“Our efforts at gaining control over our territories and negating the misperception of the sanctuaries ultimately hinge on our decision on the border issue,” he said.
     
    U.S. and Afghan officials have long accused the Pakistani military, particularly the ISI, of assisting the Taliban insurgency in Afghanistan, citing Islamabad’s alleged reluctance to undertake a major offensive against militant bases in the Waziristan region.
     
    The former Pakistani ambassador to the United States, Maleeha Lodhi, suggested the long-running problem tests Pakistan’s international credibility.
     
    If a country can’t maintain law and order in its frontier regions, fueling cross-border concerns with other countries, “it is a little hard to see how that country will pursue its objectives, whether regionally or globally,” she said.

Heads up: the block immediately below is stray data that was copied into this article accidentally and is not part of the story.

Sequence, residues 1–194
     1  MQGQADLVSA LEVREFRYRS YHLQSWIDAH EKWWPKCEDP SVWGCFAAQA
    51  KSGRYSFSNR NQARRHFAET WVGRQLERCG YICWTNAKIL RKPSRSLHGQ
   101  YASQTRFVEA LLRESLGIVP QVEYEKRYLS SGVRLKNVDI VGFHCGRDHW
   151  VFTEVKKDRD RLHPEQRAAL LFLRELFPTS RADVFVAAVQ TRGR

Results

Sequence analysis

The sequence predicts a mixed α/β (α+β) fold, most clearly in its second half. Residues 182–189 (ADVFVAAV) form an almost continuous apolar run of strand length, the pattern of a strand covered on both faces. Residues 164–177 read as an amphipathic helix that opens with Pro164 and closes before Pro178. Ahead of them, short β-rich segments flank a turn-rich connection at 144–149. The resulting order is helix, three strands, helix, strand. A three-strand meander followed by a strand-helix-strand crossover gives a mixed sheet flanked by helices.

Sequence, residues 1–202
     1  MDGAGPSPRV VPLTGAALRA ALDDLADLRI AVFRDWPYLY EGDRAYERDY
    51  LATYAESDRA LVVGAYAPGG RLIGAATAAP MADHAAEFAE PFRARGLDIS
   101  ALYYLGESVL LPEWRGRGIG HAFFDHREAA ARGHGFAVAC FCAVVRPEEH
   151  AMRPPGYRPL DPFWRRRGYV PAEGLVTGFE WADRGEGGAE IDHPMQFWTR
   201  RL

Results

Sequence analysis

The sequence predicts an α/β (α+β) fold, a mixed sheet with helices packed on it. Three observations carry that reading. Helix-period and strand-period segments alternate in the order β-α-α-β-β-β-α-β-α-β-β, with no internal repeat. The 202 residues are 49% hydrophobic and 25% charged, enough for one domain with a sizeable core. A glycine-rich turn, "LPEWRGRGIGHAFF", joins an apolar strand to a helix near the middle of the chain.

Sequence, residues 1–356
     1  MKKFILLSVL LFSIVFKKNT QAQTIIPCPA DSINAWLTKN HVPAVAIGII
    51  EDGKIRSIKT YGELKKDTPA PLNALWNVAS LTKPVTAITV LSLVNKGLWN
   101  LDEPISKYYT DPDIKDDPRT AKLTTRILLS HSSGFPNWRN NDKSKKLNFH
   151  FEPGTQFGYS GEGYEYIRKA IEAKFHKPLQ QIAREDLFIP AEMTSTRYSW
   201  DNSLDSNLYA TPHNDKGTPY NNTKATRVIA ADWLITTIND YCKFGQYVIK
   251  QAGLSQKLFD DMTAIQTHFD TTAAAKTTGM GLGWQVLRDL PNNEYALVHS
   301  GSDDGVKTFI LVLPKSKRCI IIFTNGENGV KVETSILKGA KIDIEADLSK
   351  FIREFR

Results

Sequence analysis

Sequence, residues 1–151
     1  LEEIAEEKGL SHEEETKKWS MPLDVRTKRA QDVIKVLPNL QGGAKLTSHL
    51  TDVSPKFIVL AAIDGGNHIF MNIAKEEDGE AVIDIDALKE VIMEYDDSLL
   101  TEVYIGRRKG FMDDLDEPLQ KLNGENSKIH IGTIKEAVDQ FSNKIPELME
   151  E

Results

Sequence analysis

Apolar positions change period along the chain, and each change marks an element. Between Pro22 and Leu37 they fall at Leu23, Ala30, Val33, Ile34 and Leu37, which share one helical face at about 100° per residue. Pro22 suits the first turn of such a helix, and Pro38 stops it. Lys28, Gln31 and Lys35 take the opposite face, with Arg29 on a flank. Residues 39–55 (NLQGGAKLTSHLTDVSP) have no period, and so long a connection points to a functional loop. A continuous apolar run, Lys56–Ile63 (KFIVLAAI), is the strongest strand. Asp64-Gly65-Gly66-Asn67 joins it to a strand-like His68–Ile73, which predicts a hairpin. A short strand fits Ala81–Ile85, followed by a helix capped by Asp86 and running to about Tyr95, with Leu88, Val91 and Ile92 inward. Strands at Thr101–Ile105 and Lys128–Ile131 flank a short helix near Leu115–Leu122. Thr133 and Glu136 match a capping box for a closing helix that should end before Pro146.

Peace talks criticized
     
    Earlier this year, Sharif, the prime minister, opened peace talks with the Pakistani Taliban, hoping that diplomacy could succeed where years of military offensives did not.
     
    However, the initiative drew severe criticism from progressive and civil society groups. They said it was pointless negotiating with a group whose mission is the violent overthrow of Pakistan’s political system.
     
    Critics like Lodhi also say the effort contributed to an overall uncoordinated policy on addressing the Taliban threat.
     
    “So, for us, the fundamental issue is to align all the elements of state power or national power,” she said. “I am afraid they are not aligned right now. The elements of national power are in complete disarray. Nor is there a strategic clarity about how do we pursue these goals to bring about the kind of domestic peace and stability that our people deserve.”